November 15 was America Recycles Day, a trashy holiday sponsored by the American Chemistry Council and the Keep America Beautiful people, in turn sponsored by, among others, Anheuser-Busch, Pepsico, cigarette companies Altria and the Santa Fe Natural Tobacco company, all of whom are devoted to producing plastic, putting stuff into disposable bottles and filling our gutters with butts. A day devoted to convincing Americans to pick up what is essentially corporate waste, the byproduct of a culture of disposability.
This is the day they make tear-jerking videos about how a bottle really wants to be a bench, overlooking the ocean somewhere.
We have been covering America Recycles Day for many years; here is a roundup of some of our posts on the subject.
Today is America Recycles Day, the annual greenwashing homage to a culture of disposability
The sponsors of this grand event have a new campaign, "I want to be recycled" in which a plastic bottle cries out "I want to be a bench." It's an interesting bit of anthropomorphism, kind of like a human considering reincarnation and saying "I want to be a slug", for as William McDonough and Michael Braungart pointed out in Cradle to Cradle, there's not much else that bottle can aspire to, and to be a bench it has to be mixed with fungicides, stabilizers, chemical and mineral additives and more. Not to disparage slugs, but it really is a lower form of life. More in TreeHugger
TreeHugger proudly premiered this video about recycling, made by our own Margaret Badore, and provided our own list of the 7 Rs that beat recycling:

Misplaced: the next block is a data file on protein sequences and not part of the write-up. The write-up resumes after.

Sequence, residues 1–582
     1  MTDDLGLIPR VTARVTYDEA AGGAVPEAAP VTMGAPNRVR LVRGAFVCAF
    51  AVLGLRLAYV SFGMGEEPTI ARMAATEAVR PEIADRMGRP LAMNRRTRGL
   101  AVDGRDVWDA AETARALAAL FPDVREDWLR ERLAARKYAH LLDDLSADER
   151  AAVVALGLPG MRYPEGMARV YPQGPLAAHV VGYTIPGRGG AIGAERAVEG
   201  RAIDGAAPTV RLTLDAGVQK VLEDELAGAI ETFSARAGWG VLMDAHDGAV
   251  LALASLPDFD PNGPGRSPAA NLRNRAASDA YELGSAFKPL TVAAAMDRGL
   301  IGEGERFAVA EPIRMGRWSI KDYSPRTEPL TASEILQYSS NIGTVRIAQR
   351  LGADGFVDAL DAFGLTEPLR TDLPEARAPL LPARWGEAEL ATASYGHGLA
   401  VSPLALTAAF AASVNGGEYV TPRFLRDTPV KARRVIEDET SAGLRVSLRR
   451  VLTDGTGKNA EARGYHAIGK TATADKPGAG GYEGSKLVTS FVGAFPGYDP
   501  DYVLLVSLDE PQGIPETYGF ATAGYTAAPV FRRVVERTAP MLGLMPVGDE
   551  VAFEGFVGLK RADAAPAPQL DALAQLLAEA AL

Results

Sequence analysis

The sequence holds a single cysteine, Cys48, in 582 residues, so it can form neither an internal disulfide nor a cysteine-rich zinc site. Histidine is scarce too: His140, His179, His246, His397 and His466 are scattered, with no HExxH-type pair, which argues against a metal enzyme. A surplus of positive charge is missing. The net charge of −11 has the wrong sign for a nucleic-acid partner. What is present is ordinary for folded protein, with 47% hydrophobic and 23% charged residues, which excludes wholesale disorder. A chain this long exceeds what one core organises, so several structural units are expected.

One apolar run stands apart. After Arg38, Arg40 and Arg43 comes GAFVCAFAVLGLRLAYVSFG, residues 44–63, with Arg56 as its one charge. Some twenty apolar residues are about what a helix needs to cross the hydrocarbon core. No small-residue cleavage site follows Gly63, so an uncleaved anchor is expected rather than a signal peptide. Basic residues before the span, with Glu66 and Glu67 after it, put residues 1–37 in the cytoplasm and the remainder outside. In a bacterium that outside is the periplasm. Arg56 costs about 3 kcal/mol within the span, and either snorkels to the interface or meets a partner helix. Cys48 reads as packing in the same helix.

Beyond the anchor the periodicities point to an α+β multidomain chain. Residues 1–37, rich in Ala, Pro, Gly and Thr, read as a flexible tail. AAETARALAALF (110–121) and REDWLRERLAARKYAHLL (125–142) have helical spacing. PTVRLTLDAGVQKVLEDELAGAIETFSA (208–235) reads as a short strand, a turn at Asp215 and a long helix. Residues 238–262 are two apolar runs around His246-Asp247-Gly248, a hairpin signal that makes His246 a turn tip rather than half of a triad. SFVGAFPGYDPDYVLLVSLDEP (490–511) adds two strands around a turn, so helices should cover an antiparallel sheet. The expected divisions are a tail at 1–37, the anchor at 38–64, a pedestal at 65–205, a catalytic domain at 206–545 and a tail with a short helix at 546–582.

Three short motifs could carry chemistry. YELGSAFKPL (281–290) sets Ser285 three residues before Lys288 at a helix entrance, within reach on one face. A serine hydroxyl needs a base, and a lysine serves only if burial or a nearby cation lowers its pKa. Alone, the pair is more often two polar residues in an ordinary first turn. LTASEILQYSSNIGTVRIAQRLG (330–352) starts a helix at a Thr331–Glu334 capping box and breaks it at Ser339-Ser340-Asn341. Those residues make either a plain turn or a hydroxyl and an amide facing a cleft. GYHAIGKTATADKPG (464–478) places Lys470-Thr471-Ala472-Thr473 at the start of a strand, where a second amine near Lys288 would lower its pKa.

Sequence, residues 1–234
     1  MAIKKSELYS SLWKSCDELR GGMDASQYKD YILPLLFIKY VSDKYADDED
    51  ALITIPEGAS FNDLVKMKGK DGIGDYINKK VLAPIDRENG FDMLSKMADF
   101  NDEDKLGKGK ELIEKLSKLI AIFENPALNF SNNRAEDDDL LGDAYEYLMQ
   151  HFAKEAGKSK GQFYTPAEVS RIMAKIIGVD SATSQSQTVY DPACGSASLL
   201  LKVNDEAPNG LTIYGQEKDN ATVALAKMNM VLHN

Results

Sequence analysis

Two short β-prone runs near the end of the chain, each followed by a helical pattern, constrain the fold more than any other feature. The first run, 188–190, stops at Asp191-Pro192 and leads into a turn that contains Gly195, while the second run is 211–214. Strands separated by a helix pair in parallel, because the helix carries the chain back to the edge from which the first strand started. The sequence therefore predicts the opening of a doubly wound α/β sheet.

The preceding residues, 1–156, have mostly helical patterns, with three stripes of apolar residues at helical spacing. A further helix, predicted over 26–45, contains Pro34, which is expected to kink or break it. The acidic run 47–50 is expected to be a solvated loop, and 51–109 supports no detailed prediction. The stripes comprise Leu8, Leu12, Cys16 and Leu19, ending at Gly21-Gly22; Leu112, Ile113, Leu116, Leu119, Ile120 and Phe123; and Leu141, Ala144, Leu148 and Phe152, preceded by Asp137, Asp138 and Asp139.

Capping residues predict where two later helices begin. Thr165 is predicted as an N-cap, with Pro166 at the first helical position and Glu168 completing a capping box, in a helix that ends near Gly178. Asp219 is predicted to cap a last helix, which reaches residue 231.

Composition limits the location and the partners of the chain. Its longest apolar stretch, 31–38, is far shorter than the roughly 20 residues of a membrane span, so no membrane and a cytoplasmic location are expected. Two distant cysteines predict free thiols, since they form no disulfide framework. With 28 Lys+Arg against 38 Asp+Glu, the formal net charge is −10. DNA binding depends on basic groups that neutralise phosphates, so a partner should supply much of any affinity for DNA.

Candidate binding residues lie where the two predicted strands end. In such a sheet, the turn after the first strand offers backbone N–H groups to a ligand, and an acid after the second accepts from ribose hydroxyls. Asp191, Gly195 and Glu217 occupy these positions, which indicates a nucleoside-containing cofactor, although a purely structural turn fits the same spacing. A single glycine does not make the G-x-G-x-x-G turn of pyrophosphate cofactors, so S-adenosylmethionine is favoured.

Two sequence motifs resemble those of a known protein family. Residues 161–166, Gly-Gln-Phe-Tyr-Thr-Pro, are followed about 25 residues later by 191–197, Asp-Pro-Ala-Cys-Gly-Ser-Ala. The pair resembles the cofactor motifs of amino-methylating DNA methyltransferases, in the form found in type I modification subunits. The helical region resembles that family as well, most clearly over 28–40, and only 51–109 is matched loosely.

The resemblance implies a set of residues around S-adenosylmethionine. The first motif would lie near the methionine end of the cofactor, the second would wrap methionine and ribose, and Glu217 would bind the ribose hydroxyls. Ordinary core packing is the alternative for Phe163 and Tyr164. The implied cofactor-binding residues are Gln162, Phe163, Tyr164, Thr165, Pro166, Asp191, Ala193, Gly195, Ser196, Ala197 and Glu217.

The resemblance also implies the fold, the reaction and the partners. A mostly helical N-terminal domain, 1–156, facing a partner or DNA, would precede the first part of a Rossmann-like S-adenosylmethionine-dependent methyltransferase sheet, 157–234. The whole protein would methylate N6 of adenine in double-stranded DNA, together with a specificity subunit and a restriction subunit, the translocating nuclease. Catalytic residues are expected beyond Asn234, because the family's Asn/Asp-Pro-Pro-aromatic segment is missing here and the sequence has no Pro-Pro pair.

- Reduce: Just use less.
- Return: Producers should take back what they sell.
- Reuse: Almost boring, but we throw too much stuff out too soon.
- Repair: Fix and mend things rather than replacing them.
- Refill: In Ontario Canada, 88% of beer bottles are returned to the beer store, washed and refilled; just south of the border in the USA, the number drops to under 5%.
- Rot: Compost what is left over, turning it into valuable nutrients.
- Refuse: Simply refuse to accept this crap from the manufacturers any more.
Happy Zero Waste Day, The Event Formerly Known as America Recycles Day
Well, we tried to change it. We proposed a different kind of holiday, a Zero Waste day:
- Support a restaurant that has real mugs and china.
- Support companies that practice corporate responsibility and take their products back at end of life.
- Buy only fresh food that comes without packaging.
- Don't buy anything disposable for just one day.
and the one that started it all:
Lets call recycling what it is- a fraud, a sham, a scam perpetrated by big business on the citizens and municipalities of America.... Enough. Throwing stuff away isn't green, even if it goes into a blue or green bin. It is still throwing stuff away. More in TreeHugger